SSAE 16 | Why a New Standard?
Statement on Standards for Attestation Engagements (SSAE) No. 16 came about for a number of fundamental reasons, one of the most important being that of SSAE 16 to closely mirror and align itself with ISAE 3402, the globally accepted standard for reporting on controls at service organizations. The regulatory landscape has changed dramatically in recent years, forcing many service organizations to undergo an examination of their control environment. As such, Statement on Auditing Standards No. 70 (SAS 70), the U.S. standard for reporting on controls at service organizations, was well positioned to accommodate the needs of businesses for compliance reporting purposes, ultimately allowing it to play a dominant role, both regionally and internationally. However, its limitations forced changes, resulting in the issuance of SSAE 16, which effectively supersedes SAS 70 on or after June, 15, 2011.
Many of challenges facing SAS 70 that ultimately resulted in the formation of the new SSAE 16 attest standard include the following:
Global Accounting Standards
The consensus amongst the international accounting community has been that of moving forward with globally accepted accounting principles and standards, which is evident with ISAE 3402, the internal standard for reporting on controls at service organizations. It was clear that a revised U.S. standard would be necessary for keeping pace with these changes, hence SSAE 16 evolved to supersede SAS 70. Though there are a number of very subtle differences between SSAE 16 and ISAE 3402, they are essentially very similar with regard to their intent and overall framework.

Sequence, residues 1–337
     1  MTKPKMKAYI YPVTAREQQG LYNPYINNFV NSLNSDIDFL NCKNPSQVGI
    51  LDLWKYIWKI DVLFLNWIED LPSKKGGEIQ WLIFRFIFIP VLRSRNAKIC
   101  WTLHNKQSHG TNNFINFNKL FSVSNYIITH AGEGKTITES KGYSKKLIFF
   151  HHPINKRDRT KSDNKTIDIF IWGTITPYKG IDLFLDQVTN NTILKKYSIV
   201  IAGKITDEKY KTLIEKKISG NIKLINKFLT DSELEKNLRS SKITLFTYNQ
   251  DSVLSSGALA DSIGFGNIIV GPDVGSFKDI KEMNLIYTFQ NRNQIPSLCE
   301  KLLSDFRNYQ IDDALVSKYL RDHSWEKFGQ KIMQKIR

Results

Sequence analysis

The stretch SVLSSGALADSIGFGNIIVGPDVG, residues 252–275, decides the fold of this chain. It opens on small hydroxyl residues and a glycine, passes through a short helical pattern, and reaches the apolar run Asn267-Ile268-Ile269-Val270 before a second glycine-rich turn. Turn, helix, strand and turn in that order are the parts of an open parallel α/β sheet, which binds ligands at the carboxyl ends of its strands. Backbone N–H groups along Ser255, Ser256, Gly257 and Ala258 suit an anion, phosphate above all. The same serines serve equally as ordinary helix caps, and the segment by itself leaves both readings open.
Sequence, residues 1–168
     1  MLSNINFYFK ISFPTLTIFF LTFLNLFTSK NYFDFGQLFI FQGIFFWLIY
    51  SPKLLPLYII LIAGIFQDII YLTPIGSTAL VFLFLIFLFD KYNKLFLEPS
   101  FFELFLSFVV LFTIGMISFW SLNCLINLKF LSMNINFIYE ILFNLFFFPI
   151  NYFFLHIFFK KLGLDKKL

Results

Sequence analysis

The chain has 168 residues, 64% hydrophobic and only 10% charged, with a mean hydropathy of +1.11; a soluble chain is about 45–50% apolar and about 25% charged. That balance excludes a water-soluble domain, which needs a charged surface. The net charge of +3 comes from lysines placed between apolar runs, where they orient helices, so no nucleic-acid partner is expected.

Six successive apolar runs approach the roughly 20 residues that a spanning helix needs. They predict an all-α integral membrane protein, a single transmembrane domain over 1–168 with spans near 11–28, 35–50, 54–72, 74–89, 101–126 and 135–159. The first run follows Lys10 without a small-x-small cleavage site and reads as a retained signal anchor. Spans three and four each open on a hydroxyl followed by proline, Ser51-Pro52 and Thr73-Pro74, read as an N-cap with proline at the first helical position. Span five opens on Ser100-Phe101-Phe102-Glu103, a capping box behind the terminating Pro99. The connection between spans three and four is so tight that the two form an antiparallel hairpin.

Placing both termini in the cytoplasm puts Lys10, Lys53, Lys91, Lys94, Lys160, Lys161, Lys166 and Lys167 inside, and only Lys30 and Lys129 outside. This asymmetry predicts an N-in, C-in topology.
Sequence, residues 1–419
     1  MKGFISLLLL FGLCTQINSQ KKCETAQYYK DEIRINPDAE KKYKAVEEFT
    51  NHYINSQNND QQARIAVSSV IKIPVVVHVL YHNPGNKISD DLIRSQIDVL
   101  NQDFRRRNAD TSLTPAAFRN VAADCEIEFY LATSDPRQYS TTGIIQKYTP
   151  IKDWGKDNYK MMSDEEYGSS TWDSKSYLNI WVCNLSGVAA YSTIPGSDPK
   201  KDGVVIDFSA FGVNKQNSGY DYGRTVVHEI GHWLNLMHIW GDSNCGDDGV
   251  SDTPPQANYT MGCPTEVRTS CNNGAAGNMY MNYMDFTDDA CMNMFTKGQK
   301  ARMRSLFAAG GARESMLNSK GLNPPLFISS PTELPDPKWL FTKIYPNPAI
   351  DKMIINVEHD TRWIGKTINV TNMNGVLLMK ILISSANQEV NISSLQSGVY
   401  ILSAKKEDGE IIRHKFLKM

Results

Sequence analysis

Service Organization Reporting Requirements
The explosive growth in outsourcing has coincidentally resulted in a much greater reliance on independent, third-party audits for purposes of reporting on controls at service organizations. SAS 70 played a major, if not dominant role, in providing the framework for which service auditors would perform Type 1 and Type 2 engagements on service organizations. However, the original intent of the SAS 70 auditing standard was a report primarily used from auditor to auditor and one not geared towards the increasing requirements being put forth by a multitude of bodies, such as regulatory agencies, governmental entities, and other notable users of the report.
As a result, SSAE 16 now provides additional information for which intended users of this report can have greater confidence in the reporting of controls at service organizations. Specifically, SSAE 16 requires an in-depth description of the service organization’s "system" along with a written assertion by management. The written assertion was never required by SAS 70 and the description of the service organization’s system now requires management to place a greater emphasis on describing and documenting this system for the service auditor for purposes of SSAE 16 reporting.
In short, SSAE 16 closely mirrors ISAE 3402, and in doing so, allows the U.S. standard to be well-positioned for effectively meeting the growing needs of reporting on controls at service organizations. Furthermore, SSAE 16 effectively removes any limitations that were starting to show with SAS 70.
Look upon the emergence of SSAE 16 and ISAE 3402 as a collaborative effort between two standards that greatly seek to bring about transparency and a high degree of consistency for reporting on controls at service organizations.
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